“Wouldn’t you get great compensation if it did go through your land?” Father Flynn said admiringly. It was pleasing to see good people being rewarded in this life.
“Oh, but, Father, we’d never let it go through our land,” Marty Nolan said. “Not in a million years.”
Father Flynn was surprised. Usually small farmers prayed for a windfall like this. A small fortune earned by accident.
“You see, if it came through here it would mean they’d have to tear up Whitethorn Woods,” Neddy Nolan explained.
“And that would mean getting rid of St. Ann’s Well,” Clare added. She didn’t have to say that this was the well that had given her late mother-in-law another quarter-century of life. That fact hung there unspoken.
Father Flynn got back into his little car with a heavy heart. This insane well was going to become yet again a divisive factor in the town. There would be still more talk about it, more analyzing its worth, claims and counterclaims. With a deep sigh he wished that the bulldozers had come in overnight and taken the well away. It would have solved a lot of problems.
He went to call on his sister-in-law, Kitty. He tried to visit at least once a week, just to show her that she hadn’t been abandoned by the whole family. Only Eddie had left her.
Kitty was not in good form.
“I suppose you’ll want something to eat,” she said ungraciously. Brian Flynn looked around the untidy kitchen with its unwashed breakfast dishes, the children’s clothes on chairs and a great deal of clutter. Not a home to welcome anyone.
“No, I’m great as I am,” he said, searching for a chair to sit on.
“You’re better not to eat, I suppose, they feed you like a prize pig in all these houses you visit—it’s no wonder you’re putting on a bit of weight.”
Brian Flynn wondered, had Kitty always been as sour as this? He couldn’t recall. Perhaps it was just the disappearance of Eddie with the sexy young Naomi that had changed her.
“I was in with my mother,” he said tentatively.
“Had she a word to throw to you?”
“Not many, I’m afraid, and none of them making much sense.” He sounded weary.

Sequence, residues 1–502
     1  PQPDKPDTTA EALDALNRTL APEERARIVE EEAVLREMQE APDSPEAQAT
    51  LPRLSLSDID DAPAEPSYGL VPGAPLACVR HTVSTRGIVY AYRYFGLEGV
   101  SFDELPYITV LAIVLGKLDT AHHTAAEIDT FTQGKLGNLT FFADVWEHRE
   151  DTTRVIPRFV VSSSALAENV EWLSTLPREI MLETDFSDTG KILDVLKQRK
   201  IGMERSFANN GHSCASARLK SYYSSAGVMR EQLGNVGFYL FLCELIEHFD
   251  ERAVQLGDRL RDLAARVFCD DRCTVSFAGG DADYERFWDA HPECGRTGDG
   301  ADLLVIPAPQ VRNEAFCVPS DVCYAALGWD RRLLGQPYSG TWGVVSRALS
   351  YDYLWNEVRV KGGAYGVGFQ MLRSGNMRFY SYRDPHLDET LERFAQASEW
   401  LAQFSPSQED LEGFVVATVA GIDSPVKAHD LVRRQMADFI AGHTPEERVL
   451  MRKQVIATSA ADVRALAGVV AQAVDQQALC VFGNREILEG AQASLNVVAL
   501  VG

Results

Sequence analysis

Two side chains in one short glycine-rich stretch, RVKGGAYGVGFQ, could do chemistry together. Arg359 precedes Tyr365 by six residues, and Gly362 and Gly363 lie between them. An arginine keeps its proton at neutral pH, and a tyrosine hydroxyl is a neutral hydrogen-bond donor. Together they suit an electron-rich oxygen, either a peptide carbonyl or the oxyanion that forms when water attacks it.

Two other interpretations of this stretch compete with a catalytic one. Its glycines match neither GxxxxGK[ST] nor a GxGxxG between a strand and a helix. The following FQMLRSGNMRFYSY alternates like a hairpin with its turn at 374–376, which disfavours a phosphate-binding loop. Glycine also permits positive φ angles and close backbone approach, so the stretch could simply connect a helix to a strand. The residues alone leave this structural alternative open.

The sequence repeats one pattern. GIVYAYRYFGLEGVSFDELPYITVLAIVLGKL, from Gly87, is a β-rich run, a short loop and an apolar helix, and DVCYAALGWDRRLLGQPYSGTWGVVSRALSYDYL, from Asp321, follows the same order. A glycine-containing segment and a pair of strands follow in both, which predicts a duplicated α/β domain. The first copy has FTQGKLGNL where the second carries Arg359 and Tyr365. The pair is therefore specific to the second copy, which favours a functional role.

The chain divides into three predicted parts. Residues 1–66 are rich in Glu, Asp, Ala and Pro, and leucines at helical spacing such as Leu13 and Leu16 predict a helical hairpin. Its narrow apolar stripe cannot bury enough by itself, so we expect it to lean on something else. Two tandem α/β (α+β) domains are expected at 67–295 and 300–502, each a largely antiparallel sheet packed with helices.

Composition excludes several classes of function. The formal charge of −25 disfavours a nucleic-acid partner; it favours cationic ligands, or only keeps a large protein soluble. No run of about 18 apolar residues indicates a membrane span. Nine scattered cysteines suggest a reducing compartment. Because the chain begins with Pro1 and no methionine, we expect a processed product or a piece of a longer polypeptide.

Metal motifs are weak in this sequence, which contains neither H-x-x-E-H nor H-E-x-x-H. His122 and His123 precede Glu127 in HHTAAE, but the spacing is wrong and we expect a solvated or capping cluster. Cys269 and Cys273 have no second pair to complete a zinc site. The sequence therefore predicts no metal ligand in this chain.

But he got no sympathy from Kitty. “Well, you can’t expect me to weep salt tears over her, Brian. When she did have her wits, I was never good enough for her marvelous son Eddie, so let her sit and work that one out for herself. That’s my view.” Kitty’s face was hard. She wore a stained cardigan and her hair was matted.
For a fleeting moment, Father Flynn felt a little sympathy for his brother. If you had the choice of all the women around, which apparently Eddie had, Naomi would have been an easier and more entertaining option. But then he reminded himself of duty and children and vows, and banished the thought.
“The mother can’t manage much longer on her own, Kitty, I’m thinking of selling up her house and moving her into a home.”
“Well, I never expected anything out of that house anyway, so go ahead and do it as far as I’m concerned.”
“I’ll talk to Eddie and Judy abo...
„Über diesen Titel“ kann sich auf eine andere Ausgabe dieses Titels beziehen.
Buchbeschreibung Orion, London, 2006. Taschenbuch. Buchzustand: Akzeptabel. 352 Seiten Akzeptabel. Englisch sprachig. Sprache: Englisch Gewicht in Gramm: 522. Artikel-Nr. 660172747
Buchbeschreibung Orion, London, 2006. Taschenbuch. Buchzustand: Gut. 352 Seiten 16730 Sprache: Englisch Gewicht in Gramm: 522. Artikel-Nr. 24278
Buchbeschreibung Orion, London, 23.08.2006., 2006. Auflage: Export ed. 352 Seiten akzeptabel 210000 Sprache: Englisch Gewicht in Gramm: 518 23,0 x 15,2 x 2,8 cm, Taschenbuch. Artikel-Nr. 90352